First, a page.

Burton refuses to quash fears of €40 a month child-benefit cut
SOCIAL Protection Minister Joan Burton has heightened fears of child benefit cuts in the Budget.
A cut of up to €40 a month per child was recommended by an expert group within the Department of Social Protection.
The minister ruled out cuts to basic social welfare payments, such as the dole and pensions, but again failed to dispel concerns that child benefit is in the firing line.
The move comes as the Government was warned the Budget will have to be fair and target high earners.
Ms Burton did not specify what she regarded as "core" welfare rates, leaving her some wriggle room before the Budget.
But it is generally believed this commitment will cover the basic payments to the unemployed and pensioners.
"We are committed to maintaining the basic, core social welfare rates, that we're committed to reforming social welfare so that people who are currently unemployed and claiming social welfare, if we get them back to work, every time that happens, it saves the State at least €200 a week and then they start to pay tax," she said.
The Programme for Government committed Fine Gael and Labour to maintaining basic social welfare rates -- such as the dole and old age pension -- and not raising income tax.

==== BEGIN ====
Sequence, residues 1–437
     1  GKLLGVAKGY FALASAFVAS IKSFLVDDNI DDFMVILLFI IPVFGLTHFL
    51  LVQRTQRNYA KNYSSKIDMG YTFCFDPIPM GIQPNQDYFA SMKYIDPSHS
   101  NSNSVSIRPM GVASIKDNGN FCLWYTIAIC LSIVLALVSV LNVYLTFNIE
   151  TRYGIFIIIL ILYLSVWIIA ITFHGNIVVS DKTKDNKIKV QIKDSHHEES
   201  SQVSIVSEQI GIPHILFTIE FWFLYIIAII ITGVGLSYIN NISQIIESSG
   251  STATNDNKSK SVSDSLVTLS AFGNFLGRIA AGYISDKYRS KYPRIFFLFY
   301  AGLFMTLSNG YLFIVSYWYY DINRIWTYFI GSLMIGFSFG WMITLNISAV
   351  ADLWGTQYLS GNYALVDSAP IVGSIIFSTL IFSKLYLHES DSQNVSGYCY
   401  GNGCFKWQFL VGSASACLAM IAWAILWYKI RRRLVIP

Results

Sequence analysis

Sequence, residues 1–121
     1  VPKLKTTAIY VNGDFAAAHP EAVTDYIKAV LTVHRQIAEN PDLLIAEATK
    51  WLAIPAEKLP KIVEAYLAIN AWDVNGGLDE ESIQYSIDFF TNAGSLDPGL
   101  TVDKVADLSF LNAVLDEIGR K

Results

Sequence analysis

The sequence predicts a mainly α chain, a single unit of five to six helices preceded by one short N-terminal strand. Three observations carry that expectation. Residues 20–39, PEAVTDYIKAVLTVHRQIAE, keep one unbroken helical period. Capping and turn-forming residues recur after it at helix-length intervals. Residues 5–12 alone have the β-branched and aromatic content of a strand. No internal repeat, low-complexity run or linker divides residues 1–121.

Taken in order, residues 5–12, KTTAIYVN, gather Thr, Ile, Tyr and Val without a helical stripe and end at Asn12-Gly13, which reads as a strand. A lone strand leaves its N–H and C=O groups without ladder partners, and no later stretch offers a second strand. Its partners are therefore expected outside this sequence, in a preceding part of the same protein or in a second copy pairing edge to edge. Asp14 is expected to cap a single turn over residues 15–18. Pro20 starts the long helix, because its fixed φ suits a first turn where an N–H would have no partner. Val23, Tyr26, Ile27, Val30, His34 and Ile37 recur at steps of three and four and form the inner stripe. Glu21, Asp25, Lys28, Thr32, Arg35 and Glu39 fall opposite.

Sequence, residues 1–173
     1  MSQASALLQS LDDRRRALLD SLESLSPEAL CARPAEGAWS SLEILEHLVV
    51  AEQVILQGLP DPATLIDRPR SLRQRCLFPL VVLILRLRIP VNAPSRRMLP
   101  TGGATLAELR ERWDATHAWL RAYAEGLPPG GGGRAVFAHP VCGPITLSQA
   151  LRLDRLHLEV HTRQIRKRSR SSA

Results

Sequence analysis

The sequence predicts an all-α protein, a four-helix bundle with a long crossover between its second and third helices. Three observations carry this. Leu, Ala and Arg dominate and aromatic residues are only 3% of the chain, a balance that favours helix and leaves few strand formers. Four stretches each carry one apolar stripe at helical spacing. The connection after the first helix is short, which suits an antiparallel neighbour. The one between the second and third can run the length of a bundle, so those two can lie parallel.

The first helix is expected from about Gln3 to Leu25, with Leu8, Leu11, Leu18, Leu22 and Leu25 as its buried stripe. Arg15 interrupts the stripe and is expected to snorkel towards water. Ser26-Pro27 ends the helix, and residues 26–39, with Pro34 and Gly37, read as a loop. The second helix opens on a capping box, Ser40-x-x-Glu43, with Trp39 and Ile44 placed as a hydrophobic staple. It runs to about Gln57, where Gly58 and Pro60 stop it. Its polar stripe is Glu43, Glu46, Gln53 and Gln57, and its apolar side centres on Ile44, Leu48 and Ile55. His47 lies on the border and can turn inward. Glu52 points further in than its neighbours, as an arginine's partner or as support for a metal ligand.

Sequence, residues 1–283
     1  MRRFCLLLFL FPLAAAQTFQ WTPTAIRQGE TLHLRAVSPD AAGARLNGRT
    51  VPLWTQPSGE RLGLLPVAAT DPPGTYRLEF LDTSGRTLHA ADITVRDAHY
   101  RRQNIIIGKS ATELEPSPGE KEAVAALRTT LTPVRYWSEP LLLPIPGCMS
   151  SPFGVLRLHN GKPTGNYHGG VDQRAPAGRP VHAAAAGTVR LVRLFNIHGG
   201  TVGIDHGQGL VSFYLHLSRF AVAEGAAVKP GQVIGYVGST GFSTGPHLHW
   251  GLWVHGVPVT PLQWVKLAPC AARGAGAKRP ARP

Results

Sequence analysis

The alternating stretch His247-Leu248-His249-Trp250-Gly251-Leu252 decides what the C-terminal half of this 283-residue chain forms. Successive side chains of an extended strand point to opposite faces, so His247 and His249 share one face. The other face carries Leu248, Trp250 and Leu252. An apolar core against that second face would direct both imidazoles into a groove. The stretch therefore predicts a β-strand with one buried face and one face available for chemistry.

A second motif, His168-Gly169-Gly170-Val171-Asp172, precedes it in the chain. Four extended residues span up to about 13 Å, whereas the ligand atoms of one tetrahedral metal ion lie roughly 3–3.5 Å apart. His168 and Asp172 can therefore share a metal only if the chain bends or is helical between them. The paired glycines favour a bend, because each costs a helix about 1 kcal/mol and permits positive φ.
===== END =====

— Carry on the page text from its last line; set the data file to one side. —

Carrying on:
But Ms Burton gave no such commitment on the child benefit front, saying there was no decision yet on the payment.
She said a report was being compiled in her department on the options for child benefit.
The minister said her preference was to tax the payment but Revenue Commissioners highlighted legal problems.
Ms Burton was speaking at a pre-Budget meeting with 31 lobby groups for people dependent on social welfare payments.
Campaigners were alarmed by Ms Burton's failure to rule out child benefit cuts.
Parents Against Child Benefit Cuts spokesperson Hazel Hayden said it was clear a cut was being lined up: "It confirms our worst fears and that what we are doing is right to show the Government they can't keep doing this to ordinary families," she said.
SIPTU president Jack O'Connor said he wanted to hear Taoiseach Enda Kenny talk about high income earners as much as he was about making savings from public sector workers.
"My problem is in relation to what he is not saying about the contribution of the wealthy in our society. They have a lot of catching up to do," he said.
Public Spending Minister Brendan Howlin said the Budget would be "predicated on fairness". He added: "There is considerable further heavy lifting to be done and I think that we'll only have buy-in from the public if it's perceived fair."
Mr Howlin said the Government acknowledged what had been achieved under the Croke Park Agreement but wanted to do more.